I am trying to understand Type I/II/III sums of squares. Take for instance the 2 way Anova with 2 factors A and B.

I do not follow what Type III Sums of Squares are. In type III sums of squares we account for the main effect (say A) AFTER removing the effect of the other main effect(B) + interaction(AB). My query is : IF there is interaction, how can we have a main effect for A ? We would have simple effects for both factors and not a main effect.

Can someone clear my doubt ?

  • $\begingroup$ +1 you seem to be correct. Main effect can not be ascertained in the said manner. $\endgroup$ – Subhash C. Davar Dec 10 '17 at 8:04
  • $\begingroup$ You have not mentioned why do you think like that. It may be useful to know the details. $\endgroup$ – Subhash C. Davar Dec 10 '17 at 10:49
  • $\begingroup$ I think I am incorrect. We can have interaction over and above the main effect of variables A and B. So when we control for B and the interaction we get the main effect of A as if there had there been no interaction or effect of B. I am a little confused myself : ). $\endgroup$ – user2338823 Dec 10 '17 at 11:55
  • $\begingroup$ I understand that the main effect is the direct effect and second or secondary effect is something like second-stage or residual effect once you presume existence of interaction. There is nothing wrong with you. The method to determine main effect - type III is incorrect. $\endgroup$ – Subhash C. Davar Dec 10 '17 at 13:30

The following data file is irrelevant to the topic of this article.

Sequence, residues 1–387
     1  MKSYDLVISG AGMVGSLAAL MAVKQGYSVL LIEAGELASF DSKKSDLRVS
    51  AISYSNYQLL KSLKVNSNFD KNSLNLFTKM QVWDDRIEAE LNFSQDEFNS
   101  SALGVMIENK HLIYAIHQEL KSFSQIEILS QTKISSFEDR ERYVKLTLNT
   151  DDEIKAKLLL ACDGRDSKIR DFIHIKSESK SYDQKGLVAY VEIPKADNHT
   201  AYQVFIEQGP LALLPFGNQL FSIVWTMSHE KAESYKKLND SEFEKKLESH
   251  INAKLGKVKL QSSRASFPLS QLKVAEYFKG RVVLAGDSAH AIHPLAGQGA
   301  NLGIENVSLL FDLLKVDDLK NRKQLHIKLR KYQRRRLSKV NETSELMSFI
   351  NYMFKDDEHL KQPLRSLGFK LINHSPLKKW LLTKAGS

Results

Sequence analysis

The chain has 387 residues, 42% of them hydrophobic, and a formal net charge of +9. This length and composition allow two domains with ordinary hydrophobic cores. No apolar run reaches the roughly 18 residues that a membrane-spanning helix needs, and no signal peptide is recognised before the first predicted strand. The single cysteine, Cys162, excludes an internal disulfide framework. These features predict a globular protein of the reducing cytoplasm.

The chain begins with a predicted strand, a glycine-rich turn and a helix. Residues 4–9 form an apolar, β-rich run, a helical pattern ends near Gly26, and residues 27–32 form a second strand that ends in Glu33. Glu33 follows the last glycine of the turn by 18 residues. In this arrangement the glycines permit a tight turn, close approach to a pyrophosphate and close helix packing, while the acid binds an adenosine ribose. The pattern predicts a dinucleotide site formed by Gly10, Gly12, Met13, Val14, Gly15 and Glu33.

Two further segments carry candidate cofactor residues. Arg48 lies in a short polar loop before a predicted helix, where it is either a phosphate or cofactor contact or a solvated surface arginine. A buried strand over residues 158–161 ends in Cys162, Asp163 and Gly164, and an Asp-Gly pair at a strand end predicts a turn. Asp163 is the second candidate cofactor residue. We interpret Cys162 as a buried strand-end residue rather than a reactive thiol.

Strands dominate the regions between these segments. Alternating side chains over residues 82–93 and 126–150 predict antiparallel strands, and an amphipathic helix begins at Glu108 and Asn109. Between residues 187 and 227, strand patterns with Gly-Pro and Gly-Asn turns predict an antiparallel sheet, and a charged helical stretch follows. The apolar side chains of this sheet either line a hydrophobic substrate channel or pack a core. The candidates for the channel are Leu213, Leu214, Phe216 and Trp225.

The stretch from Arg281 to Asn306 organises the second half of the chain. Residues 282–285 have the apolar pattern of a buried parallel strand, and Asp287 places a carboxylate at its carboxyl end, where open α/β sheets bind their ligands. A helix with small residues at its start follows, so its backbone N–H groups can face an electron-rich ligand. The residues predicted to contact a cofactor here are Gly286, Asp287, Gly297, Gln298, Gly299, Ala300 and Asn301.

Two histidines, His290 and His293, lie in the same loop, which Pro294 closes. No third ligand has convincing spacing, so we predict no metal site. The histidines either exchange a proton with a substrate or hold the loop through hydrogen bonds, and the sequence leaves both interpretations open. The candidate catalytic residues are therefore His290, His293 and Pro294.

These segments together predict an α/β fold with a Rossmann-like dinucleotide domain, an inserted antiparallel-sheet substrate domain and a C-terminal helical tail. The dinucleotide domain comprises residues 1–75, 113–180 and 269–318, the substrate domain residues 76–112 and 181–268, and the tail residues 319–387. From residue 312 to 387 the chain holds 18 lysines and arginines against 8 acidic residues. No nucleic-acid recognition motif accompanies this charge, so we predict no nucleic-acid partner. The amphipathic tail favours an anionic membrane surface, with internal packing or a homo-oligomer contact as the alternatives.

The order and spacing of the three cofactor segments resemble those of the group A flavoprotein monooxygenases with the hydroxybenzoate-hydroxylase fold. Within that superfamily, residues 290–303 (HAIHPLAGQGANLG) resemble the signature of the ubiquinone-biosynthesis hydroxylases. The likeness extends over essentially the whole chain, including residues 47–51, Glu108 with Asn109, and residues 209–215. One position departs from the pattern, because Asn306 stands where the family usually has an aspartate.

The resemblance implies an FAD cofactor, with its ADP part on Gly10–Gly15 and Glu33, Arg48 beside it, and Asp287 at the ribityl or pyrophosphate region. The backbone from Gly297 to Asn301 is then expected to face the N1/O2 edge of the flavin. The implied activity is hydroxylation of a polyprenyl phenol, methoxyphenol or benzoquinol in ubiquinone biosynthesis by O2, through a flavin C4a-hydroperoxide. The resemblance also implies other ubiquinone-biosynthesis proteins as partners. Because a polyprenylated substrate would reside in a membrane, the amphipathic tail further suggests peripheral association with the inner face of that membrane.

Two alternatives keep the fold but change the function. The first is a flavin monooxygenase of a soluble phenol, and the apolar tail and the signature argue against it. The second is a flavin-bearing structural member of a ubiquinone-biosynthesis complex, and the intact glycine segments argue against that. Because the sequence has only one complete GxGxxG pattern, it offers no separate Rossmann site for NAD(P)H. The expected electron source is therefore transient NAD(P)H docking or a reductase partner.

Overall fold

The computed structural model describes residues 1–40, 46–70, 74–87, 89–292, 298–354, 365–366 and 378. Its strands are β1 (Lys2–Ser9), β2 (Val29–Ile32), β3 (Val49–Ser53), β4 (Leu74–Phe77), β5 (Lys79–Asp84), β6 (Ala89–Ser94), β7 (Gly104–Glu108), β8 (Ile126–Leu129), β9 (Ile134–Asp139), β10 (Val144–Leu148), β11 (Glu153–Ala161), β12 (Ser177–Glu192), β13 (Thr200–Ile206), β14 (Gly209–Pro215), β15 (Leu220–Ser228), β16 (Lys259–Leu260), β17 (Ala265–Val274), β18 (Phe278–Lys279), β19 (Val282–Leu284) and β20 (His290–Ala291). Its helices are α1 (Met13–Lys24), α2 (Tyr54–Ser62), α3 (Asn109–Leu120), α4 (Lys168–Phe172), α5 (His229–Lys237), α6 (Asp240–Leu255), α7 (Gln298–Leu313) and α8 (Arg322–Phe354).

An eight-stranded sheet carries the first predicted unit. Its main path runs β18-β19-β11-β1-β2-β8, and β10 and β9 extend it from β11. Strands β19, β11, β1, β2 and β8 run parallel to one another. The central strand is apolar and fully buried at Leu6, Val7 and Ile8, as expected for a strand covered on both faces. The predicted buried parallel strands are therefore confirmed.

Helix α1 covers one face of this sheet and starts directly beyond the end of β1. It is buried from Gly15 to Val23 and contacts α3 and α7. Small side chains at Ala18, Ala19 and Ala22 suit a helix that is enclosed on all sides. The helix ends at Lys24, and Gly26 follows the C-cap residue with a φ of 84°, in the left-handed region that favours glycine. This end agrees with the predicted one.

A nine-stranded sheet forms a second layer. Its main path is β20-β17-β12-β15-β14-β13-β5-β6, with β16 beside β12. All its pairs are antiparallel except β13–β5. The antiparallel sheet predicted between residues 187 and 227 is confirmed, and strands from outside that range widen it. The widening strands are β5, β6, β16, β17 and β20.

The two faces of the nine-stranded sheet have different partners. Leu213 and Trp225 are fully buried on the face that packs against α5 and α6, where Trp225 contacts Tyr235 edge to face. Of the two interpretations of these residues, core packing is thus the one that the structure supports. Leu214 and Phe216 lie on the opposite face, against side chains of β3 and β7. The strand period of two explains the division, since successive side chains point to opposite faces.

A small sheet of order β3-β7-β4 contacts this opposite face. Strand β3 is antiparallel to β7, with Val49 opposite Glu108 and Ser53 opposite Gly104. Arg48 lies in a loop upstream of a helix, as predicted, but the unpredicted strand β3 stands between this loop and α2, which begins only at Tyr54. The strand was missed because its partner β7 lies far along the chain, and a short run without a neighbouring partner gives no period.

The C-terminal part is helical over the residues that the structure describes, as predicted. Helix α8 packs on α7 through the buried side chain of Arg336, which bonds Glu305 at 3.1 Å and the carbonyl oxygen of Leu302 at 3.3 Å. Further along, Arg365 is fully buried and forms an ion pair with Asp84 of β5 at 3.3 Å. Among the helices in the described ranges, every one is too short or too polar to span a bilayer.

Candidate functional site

• $\begingroup$ Okay, please allow me to rephrase. We assume that there is no interaction in type II SS. In type III we allow for interaction. This interaction is AFTER controlling for the main effect of A and B. Also the main affect is AFTER allowing for interaction. I think type III is correct. $\endgroup$ – user2338823 Dec 11 '17 at 5:01

I know it's late on this thread, but Wm Venables wrote an essay expressing your suspicion about Type iii SS. For about 10 years after that, I was terrified of type iii anything

Bill Venables Exegeses on Linear Models http://www.stats.ox.ac.uk/pub/MASS3/Exegeses.pdf

That's a lively read.


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